After Frederik Berregaard died, Ørslevkloster, Staarup Hovedgaard and Strandet were sold in 1759 to the county revenue officer in Nyborg, Bartholomæus Berthelsen de Cederfeldt, who resold them that same year, along with just under 393 hectares (about 973 acres) of tenant farms and six churches. The purchase price for all these properties totalled 78 thousand rix- dollars*, and the purchaser was the mayor of Nyborg, Jacob Lerche, who owned these properties for the rest of Pierre’s life. It was thus Jacob Lerche who leased Strandet manor to Pierre.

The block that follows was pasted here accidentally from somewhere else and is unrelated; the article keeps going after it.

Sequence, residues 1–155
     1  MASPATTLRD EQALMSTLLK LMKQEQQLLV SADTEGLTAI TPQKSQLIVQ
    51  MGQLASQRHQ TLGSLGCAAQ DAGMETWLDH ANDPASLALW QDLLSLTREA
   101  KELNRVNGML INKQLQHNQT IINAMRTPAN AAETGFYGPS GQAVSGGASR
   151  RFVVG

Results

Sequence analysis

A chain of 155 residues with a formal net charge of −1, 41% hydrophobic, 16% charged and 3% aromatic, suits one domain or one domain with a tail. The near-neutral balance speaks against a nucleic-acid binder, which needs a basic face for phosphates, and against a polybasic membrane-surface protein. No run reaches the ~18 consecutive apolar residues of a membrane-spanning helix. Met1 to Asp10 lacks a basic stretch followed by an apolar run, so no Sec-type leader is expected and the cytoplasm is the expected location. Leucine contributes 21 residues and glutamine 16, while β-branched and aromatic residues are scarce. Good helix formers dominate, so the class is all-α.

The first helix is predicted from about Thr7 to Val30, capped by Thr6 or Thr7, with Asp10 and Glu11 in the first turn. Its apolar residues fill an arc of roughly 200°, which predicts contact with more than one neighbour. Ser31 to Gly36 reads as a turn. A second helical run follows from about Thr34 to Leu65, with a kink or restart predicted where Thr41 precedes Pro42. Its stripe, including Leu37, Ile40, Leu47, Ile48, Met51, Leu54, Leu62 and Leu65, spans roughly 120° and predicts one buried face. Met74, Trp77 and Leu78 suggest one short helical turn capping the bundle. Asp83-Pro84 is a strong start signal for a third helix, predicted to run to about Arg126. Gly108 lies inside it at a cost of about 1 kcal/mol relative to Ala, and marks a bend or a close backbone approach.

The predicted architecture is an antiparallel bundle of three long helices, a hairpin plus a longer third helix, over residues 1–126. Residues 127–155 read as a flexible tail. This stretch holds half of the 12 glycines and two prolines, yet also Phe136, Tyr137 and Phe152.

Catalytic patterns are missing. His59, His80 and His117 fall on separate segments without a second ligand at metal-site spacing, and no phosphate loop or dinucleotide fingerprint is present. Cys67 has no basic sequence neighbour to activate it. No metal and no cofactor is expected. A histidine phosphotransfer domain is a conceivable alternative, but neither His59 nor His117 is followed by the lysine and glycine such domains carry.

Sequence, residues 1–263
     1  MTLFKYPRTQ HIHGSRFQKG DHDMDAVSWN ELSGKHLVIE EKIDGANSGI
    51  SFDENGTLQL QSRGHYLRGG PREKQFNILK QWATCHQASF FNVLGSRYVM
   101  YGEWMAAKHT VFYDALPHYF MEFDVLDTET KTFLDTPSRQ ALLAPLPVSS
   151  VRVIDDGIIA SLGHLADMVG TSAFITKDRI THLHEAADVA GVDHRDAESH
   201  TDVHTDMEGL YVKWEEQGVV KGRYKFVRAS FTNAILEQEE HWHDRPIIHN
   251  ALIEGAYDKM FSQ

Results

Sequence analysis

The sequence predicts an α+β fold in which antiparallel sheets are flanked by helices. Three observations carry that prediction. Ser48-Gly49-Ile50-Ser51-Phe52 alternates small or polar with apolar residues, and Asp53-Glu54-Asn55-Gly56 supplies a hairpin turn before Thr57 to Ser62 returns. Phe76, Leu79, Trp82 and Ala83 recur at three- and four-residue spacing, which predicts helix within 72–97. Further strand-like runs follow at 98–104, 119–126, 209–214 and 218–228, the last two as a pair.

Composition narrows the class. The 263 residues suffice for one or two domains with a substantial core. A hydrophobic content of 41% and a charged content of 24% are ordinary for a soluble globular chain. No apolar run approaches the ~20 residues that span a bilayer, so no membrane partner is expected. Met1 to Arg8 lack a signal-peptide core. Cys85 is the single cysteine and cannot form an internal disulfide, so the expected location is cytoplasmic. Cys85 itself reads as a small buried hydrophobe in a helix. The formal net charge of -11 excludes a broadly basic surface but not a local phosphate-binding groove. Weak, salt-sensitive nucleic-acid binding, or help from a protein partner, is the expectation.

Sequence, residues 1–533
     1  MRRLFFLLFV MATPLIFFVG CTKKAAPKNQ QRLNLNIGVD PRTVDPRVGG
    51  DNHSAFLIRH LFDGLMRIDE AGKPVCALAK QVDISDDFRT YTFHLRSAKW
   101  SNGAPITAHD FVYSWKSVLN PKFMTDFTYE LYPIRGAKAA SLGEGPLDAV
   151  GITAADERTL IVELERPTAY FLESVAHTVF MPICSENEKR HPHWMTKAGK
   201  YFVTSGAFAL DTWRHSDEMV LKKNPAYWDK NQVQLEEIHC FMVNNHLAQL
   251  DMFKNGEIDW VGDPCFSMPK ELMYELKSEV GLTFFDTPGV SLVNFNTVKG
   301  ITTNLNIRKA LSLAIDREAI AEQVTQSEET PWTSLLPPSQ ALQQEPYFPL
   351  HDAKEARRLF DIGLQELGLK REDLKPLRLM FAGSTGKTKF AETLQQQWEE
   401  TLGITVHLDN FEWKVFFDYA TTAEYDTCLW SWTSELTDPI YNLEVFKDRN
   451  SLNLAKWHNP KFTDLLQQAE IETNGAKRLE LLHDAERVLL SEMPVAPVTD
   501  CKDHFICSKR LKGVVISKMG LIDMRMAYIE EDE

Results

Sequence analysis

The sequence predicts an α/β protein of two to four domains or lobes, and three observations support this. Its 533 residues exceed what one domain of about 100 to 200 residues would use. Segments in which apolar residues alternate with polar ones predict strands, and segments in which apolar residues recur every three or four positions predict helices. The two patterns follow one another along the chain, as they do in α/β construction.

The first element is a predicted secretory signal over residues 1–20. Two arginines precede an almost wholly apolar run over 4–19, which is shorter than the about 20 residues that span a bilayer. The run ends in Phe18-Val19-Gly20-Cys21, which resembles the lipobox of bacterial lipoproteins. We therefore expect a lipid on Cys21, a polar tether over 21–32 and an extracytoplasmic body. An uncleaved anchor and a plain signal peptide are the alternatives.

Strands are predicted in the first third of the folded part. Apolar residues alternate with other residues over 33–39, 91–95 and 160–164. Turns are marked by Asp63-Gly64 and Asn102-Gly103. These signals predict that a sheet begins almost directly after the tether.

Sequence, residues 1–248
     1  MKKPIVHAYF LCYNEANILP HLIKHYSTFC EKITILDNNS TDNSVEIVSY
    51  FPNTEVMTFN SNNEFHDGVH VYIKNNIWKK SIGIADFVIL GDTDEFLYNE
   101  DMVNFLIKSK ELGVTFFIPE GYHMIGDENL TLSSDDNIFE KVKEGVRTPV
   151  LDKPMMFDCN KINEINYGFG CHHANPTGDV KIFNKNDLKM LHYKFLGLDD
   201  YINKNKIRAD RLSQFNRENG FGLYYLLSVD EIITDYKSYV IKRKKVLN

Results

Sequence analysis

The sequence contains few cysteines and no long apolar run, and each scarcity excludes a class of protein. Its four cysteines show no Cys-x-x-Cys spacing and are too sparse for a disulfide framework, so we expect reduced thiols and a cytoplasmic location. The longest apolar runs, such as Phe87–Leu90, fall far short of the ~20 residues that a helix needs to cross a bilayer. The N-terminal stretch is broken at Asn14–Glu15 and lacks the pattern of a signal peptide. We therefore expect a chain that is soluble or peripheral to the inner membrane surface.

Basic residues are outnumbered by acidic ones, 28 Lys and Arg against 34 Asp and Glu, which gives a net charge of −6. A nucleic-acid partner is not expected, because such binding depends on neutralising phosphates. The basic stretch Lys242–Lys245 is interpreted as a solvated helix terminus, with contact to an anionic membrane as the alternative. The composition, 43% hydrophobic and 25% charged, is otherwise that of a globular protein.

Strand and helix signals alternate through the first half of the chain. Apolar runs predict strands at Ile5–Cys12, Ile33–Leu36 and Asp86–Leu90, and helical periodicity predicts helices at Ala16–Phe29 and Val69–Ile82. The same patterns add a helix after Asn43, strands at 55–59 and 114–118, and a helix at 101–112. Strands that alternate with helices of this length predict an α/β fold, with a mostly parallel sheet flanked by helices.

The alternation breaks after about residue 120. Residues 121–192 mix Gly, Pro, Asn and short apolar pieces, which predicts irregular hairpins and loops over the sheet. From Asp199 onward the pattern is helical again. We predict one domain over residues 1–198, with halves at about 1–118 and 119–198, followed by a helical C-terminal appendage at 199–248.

Pierre was granted tenancy of Strandet on favourable terms. In 1737, Niels Christensen Winchel had taken over tenancy of Strandet for an annual rent of 280 rix-dollars. In 1751, the leasehold went to Niels Quistgaard for 350 rix-dollars the first year and 300 rix-dollars for each subsequent year. The rent Pierre paid was just 200 rix-dollars, a sum that Pierre and Frederik Berregaard had presumably already agreed upon in 1753.